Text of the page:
A State Supreme Court ruling will put Rupco’s proposal to build 66 units of affordable senior housing at the site of the former Kingston Alms House back before the city’s planning board. The decision by judge Richard Mott comes six months after the board voted to deny site-plan approval for the proposed Landmark Place, citing density, zoning, environmental and infrastructure issues.
Landmark Place would create 66 studio and one-bedroom apartments for low-income adults over the age of 55. The development would be located at the site of the former Kingston Alms House at 300 Flatbush Avenue.
Some 32 units would be located in the former Alms House itself. Another 34 would occupy a newly constructed building on the 15-acre site. A portion of the apartments would be set aside for vulnerable populations, including the formerly homeless, those with substance abuse and other behavioral health issues, disabled veterans and the frail elderly.
The project proposes on-site support services including nursing staff to provide the support needed for residents to live independently. Rupco CEO Kevin O’Connor has said that the project would provide badly needed permanent supportive housing to a population that currently lives in crowded and unsanitary boarding houses, homeless shelters or on the street.
In August 2017, the city planning board, after a 15-month review, denied Rupco’s site-plan application without explanation. In a follow-up vote the next month, members of the board opposed to approval cited issues like density, potential impacts of the sewer system, and lack of pedestrian accessibility.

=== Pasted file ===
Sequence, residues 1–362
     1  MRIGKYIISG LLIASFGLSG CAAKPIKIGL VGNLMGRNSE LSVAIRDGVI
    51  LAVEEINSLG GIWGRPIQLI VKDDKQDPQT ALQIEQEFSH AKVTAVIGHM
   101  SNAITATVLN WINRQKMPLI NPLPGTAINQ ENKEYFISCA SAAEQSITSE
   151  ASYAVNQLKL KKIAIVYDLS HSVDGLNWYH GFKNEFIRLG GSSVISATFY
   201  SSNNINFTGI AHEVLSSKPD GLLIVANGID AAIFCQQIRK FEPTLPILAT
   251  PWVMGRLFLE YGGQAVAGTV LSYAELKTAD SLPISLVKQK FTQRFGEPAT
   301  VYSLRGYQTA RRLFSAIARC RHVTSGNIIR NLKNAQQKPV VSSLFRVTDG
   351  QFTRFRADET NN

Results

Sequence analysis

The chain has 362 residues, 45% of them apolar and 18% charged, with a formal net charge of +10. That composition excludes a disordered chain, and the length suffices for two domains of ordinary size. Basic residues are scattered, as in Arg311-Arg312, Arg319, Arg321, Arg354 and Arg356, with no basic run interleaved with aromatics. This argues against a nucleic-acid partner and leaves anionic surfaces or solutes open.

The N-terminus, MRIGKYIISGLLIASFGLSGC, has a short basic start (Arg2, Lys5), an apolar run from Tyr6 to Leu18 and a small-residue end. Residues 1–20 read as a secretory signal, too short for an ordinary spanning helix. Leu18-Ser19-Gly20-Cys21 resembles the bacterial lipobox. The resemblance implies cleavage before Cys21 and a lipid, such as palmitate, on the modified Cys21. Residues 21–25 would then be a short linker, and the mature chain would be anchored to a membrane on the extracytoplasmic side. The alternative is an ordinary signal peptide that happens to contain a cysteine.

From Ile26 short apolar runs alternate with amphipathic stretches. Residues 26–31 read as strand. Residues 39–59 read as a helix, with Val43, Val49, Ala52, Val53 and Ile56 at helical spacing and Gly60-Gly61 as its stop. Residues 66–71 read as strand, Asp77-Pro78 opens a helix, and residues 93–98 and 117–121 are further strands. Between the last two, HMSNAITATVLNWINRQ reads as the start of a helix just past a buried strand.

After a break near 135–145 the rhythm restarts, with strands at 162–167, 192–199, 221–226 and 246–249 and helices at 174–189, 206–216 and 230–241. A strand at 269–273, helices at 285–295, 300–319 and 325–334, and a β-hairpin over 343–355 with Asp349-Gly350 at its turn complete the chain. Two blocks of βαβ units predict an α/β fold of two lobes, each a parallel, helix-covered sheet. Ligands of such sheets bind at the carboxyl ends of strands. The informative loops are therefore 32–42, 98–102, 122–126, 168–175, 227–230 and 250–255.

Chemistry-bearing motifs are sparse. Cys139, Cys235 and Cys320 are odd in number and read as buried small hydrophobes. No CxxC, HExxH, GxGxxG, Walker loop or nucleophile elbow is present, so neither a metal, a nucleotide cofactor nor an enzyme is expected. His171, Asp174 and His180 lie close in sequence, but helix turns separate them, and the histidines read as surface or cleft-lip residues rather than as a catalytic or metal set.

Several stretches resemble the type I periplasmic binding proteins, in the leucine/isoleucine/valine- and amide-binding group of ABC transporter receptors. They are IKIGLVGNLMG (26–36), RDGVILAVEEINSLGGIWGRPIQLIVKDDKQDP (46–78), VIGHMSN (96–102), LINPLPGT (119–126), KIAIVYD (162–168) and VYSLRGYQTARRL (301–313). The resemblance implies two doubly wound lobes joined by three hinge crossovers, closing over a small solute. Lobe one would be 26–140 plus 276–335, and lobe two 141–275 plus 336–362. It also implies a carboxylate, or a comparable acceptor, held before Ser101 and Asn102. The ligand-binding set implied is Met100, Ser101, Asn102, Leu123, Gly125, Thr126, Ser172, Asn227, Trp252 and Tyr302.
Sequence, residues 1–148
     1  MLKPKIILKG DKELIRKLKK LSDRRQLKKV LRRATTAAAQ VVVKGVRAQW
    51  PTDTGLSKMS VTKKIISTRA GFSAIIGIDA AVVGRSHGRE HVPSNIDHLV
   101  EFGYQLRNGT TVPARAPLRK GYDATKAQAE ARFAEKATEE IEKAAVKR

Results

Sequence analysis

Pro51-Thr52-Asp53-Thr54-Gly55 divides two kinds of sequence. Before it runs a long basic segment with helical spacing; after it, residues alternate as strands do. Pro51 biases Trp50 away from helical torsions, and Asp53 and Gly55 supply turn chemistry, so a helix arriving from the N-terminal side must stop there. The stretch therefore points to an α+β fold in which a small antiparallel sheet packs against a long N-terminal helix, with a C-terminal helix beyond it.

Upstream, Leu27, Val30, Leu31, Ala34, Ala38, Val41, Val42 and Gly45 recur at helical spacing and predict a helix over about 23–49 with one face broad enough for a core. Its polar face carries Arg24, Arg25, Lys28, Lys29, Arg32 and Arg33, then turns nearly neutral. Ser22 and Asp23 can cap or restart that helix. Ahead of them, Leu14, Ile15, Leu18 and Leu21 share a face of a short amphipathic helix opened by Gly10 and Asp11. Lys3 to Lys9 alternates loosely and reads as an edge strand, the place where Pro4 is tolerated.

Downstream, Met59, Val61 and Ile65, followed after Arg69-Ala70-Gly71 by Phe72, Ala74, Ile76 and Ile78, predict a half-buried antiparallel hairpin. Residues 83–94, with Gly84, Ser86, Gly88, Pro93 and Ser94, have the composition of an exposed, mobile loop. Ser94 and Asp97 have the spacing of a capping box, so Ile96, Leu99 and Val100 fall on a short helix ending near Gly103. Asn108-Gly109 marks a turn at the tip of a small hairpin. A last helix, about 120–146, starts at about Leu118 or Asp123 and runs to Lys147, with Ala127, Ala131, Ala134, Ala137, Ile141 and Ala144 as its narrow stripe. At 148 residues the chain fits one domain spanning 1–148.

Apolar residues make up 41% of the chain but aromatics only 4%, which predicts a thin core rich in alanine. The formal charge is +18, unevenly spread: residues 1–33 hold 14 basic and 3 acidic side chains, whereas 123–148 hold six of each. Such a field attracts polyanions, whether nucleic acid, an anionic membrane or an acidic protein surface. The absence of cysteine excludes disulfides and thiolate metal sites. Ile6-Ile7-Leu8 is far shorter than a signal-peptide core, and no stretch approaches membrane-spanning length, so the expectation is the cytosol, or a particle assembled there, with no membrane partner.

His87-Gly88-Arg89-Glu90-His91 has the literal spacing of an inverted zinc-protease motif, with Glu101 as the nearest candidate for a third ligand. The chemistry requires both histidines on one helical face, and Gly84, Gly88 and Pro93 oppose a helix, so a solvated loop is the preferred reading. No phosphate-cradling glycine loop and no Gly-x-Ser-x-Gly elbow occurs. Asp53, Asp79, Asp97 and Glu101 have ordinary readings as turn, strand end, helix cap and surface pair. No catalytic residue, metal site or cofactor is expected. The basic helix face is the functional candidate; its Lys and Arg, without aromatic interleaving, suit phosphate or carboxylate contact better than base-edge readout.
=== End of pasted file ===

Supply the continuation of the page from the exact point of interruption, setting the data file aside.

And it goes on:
In a lawsuit filed shortly after the denial, Rupco argued that the board was influenced by neighborhood opposition to the project based on the populations that it would serve. During a series of public hearings, many neighbors raised objections that the prospective residents would pose a danger to the neighborhood and contribute an excessive concentration of low-income housing both in the neighborhood and in the City of Kingston in general.
Those objections, attorneys for the housing non-profit argued, were banned from consideration under state and federal fair housing statutes which prohibit discrimination based on race, age disability and other factors. Other objections raised by board members, wrote Mott, were not supported by evidence.
In his decision this week, Mott ruled that the planning board’s denial of the site plan was “arbitrary and capricious.” He wrote that the reasons given by members contradicted the board’s previous finding that the project did not have a significant environmental impact requiring more extensive review. Mott’s decision did not grant Rupco’s attorneys’ request to declare the site plan approved. Instead, the ruling overturns nullifies the denial and returns the issue to the planning board for consideration.
“The matter is remitted to the board for further proceedings consistent herewith,” Mott wrote, “including further inquiry and/or the imposition of any reasonable conditions and restrictions, pursuant to the city’s zoning laws.”